Past event

Land Management in Scotland -- From Urban Deer to Wind Energy STACEES Research Seminar - Showcasing PhD Projects by Abi Whitefield and Jessica Hogan (School of Geography and Sustainable Development, St Andrews)

‘Putting Community Back into Community Energy: Does Ownership Affect Support and Perceived Justice for Wind Energy in Scotland?' by Jessica Hogan (PhD candidate, School of Geography and Sustainable Development)

Wind energy often faces opposition from locals which can stall or halt projects permanently. While community ownership of wind energy has been found to increase acceptance, limited research has explored why. Here, Jessica will share her team's research, which compares communities' attitudes toward onshore wind energy using a mail-out survey across different community benefit schemes in Scotland.

One-way ANOVAs identified, on average, that those with some form of ownership tend to support the wind development more, feel more involved, perceive more benefits that are fairly distributed, perceive fewer risks, and support their own benefit schemes. These results support the contention that community ownership leads to greater acceptance, but also that it is only one of several factors shaping public acceptance. Specifically, energy justice aspects may be of equal or greater importance than the type of ownership.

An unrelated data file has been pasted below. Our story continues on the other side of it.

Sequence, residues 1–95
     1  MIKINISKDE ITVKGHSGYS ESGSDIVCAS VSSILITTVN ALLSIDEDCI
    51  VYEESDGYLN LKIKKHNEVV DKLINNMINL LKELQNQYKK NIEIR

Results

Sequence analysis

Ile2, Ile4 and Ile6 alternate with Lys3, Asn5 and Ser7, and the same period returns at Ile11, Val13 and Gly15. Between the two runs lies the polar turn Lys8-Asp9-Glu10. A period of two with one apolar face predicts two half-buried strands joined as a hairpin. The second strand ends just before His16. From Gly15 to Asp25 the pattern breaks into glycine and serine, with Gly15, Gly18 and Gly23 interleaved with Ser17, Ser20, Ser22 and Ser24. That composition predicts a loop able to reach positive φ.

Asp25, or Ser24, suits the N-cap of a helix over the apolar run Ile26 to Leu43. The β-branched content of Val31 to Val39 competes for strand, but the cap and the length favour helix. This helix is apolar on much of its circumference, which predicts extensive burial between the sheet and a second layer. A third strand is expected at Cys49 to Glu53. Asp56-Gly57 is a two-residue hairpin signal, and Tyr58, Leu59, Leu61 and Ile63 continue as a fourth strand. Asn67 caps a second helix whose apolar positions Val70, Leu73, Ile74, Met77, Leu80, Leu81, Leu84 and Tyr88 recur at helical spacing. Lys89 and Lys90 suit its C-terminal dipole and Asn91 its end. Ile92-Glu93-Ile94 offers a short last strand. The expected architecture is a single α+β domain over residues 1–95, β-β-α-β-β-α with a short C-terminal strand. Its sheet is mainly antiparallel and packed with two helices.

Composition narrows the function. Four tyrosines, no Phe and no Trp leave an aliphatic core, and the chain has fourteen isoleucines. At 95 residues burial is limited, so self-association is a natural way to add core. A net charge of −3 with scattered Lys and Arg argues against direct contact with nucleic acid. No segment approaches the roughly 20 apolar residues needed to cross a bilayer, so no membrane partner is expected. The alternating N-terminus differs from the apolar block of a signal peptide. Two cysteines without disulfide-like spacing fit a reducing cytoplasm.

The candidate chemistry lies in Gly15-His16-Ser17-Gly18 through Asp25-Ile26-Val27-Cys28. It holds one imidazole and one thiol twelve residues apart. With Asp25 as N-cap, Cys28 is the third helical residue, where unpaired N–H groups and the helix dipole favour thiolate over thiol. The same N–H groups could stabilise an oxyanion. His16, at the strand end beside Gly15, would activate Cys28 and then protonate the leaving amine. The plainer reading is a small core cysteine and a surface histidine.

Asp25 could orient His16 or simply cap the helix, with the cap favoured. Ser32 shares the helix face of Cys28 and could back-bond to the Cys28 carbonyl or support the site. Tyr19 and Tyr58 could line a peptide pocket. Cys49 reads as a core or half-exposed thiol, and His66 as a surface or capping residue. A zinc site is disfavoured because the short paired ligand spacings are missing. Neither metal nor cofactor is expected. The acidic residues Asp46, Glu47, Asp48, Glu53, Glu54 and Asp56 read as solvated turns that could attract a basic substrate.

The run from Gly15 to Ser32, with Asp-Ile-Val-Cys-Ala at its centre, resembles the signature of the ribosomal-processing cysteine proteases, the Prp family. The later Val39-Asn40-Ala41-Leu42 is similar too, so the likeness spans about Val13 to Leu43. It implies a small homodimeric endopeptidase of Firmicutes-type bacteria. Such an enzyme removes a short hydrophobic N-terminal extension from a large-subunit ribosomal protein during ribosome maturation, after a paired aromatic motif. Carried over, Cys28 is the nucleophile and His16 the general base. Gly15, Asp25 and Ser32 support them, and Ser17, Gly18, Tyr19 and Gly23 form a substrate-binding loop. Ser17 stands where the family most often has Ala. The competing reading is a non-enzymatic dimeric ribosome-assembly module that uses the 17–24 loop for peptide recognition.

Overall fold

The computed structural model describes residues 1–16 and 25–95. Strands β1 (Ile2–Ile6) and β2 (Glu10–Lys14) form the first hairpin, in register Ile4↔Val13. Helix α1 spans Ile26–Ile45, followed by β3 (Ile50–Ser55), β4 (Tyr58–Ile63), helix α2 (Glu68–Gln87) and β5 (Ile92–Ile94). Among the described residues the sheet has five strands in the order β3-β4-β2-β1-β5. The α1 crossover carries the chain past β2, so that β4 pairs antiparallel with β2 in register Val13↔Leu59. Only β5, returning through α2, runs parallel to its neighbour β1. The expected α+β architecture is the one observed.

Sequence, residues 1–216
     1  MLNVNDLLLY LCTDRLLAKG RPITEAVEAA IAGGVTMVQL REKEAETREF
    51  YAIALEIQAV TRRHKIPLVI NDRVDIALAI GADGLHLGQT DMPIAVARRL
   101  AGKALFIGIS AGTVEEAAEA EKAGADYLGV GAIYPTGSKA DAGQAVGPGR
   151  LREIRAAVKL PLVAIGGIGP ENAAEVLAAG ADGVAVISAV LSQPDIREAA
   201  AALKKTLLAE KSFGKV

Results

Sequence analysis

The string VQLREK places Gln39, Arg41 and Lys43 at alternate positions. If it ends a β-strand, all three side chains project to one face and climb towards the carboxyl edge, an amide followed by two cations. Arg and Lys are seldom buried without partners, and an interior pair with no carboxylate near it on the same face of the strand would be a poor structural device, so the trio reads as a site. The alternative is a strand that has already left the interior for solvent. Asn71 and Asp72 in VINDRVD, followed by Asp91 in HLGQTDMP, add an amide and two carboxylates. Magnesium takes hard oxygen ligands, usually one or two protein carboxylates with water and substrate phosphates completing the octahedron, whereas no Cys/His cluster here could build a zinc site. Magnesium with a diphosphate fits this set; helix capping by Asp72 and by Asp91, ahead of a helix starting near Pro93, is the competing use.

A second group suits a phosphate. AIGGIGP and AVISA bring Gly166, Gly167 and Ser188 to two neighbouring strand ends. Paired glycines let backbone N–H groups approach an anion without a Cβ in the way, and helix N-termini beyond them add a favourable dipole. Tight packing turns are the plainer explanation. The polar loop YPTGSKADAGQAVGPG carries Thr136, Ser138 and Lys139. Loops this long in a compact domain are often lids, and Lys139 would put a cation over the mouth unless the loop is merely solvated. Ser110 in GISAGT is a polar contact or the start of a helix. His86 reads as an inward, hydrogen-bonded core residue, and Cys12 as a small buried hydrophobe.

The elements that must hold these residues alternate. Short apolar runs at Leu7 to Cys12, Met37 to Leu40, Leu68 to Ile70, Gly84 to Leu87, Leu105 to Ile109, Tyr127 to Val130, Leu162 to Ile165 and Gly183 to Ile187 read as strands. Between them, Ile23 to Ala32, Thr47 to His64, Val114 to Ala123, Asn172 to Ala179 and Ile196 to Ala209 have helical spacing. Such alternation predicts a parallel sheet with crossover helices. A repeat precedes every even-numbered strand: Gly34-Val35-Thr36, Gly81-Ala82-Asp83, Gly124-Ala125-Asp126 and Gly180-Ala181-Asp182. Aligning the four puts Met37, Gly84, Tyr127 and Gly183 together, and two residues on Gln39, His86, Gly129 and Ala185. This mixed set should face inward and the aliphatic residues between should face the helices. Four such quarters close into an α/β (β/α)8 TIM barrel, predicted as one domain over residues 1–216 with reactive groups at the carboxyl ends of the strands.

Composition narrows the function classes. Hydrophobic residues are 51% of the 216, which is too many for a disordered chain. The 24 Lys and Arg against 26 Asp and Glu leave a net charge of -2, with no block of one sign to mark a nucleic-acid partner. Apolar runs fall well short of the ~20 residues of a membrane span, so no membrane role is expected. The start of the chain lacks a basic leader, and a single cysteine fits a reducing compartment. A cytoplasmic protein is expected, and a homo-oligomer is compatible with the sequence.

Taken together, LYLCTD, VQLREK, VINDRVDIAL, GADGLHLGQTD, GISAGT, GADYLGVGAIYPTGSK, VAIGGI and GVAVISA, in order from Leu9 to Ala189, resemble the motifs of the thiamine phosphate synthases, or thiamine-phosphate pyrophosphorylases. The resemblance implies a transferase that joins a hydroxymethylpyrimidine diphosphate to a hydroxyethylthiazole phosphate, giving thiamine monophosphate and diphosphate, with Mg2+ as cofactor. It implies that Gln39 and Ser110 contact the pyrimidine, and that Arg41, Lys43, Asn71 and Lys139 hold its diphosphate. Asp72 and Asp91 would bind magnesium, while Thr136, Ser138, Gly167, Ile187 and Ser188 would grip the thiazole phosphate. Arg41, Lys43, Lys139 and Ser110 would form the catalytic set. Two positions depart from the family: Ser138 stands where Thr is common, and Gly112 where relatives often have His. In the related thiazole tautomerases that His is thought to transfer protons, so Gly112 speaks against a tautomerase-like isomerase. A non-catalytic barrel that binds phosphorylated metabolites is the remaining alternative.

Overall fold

‘Scotland's urban deer: understanding perceptions to shape policymaking' by Abi Whitefield (PhD candidate, School of Geography and Sustainable Development)

The problem of deer populations in urban areas of Scotland has become an increasingly pressing issue in recent years, due to their growing populations and resultant encroachment into urban environments. As a result, human-deer interaction has increased, with conflict between the two resulting in the possible need for deer management.

A paucity of previous research means that little is known about these urban deer populations, with perceptions of both urban deer and urban deer management poorly understood. Consequently, policies are being shaped without a robust evidence-base. Abi's PhD research aims to understand the perceptions and experiences of experts, local authority staff, local councillors and the public regarding urban deer and their management, aiming to shape policymaking. This talk will explain the main debates surrounding the topic and highlight progress made thus far.

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